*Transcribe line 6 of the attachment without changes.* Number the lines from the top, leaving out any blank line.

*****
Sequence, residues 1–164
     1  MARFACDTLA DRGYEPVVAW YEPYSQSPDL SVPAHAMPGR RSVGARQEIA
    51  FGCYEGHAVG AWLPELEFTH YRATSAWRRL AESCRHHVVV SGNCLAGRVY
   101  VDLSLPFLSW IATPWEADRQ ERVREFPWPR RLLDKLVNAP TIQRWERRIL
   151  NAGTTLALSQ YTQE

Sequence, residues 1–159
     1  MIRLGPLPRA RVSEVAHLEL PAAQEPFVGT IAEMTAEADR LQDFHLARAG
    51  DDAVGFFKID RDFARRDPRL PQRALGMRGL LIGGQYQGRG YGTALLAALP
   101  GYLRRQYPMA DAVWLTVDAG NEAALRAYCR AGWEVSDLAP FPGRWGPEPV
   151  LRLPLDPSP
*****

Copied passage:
Sequence, residues 1–159